I’m pleased to announce the second workshop in the Digital Humanities & Critical Infrastructure Studies Workshop Series, “Interrogating Global Traces of Infrastructure”. The event is organised by King’s Digital Lab, King’s College Department of Digital Humanities, and Critical Infrastructures Studies Initiative (cistudies.org). The workshop brings together leading thinkers in Digital Humanities, Social Sciences, Digital Media, and Information Studies to discuss practices of interrogating global topographies of knowledge, data, and IT infrastructures and their influence on local social, economic, and research conditions. The meeting will take place on 18 November 2021 on the Microsoft Teams platform. Please register now through the Eventbrite.
The first workshop in June 2021 explored the fragility and faultiness of infrastructures that require scholarly intervention at individual, social, and planetary scales. However, interventions at local levels require an awareness of the relationship of infrastructure to global political and economic dynamics. A good example is Google’s plan to build a new underwater cable between the U.S. and Argentina to augment the company’s existing cable investments in the region and call it the Firmina cable (named after Brazilian abolitionist and author Maria Firmina dos Reis). Every day brings new reminders about how we are all part of a larger political and economic infrastructural system. The Covid-19 pandemic has explicitly shown how the concepts of globality and locality are two sides of the same coin. It recalls the famous words by Susan Leigh Star that “One person’s infrastructure is another’s topic or difficulty.”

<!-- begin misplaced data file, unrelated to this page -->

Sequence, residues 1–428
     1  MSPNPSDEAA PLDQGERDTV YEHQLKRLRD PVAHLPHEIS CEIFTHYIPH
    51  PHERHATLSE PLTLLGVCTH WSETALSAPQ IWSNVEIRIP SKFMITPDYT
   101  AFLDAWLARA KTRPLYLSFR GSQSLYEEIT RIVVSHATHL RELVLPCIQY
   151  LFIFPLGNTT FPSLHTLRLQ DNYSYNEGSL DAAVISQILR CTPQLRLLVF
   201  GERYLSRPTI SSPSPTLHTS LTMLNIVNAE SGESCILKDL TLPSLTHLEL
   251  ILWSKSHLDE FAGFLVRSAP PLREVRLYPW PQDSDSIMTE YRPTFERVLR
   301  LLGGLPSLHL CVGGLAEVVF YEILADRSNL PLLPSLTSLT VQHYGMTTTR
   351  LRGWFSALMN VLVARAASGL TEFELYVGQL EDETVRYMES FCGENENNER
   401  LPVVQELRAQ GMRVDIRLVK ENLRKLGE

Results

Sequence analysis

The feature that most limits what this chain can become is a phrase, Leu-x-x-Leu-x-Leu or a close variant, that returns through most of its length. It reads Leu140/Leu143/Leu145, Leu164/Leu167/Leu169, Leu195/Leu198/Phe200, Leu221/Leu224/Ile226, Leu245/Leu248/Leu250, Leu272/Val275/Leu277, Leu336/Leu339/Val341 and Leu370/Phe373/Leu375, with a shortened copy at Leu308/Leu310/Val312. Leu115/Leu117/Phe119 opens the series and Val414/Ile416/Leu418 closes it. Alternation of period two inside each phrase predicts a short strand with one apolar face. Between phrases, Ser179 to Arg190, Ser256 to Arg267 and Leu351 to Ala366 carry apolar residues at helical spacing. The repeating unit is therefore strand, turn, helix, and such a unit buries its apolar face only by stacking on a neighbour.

In this second workshop, we seek to discuss the global dimensions of infrastructure – scale, flow, accessibility, durability, and transparency – and their impact on localized socio-technical practices. This complex topic touches on many aspects of Critical Infrastructure Studies as a practice, including platformisation, global supply chains, public infrastructures, distributed labor, automatization, cloud computing, environment, and the politics of archives. These pressing issues are nontrivial methodologically. Some of the difficulties of studying infrastructure from a global perspective are suggested by the following questions: How can we reveal the global traces of infrastructures in our daily work? How can local case studies be scaled up? What does it mean to study infrastructures at a distance? What is the best practice to obtain and process large quantities of data? How can we identify the “infrastructural endpoints” – the geographical, social, and economic points of disintegration of the global socio-technical system? And, perhaps most important: How can we contest something that happens at a global scale? What can scholars as individuals do to interrogate and envision better global infrastructures?
This workshop is part of my MSCA research project and I’m excited to be the lead organiser of this event. We have a wonderful line-up of speakers! Please check the full program on CIStudies.org and my research website dhinfra.org.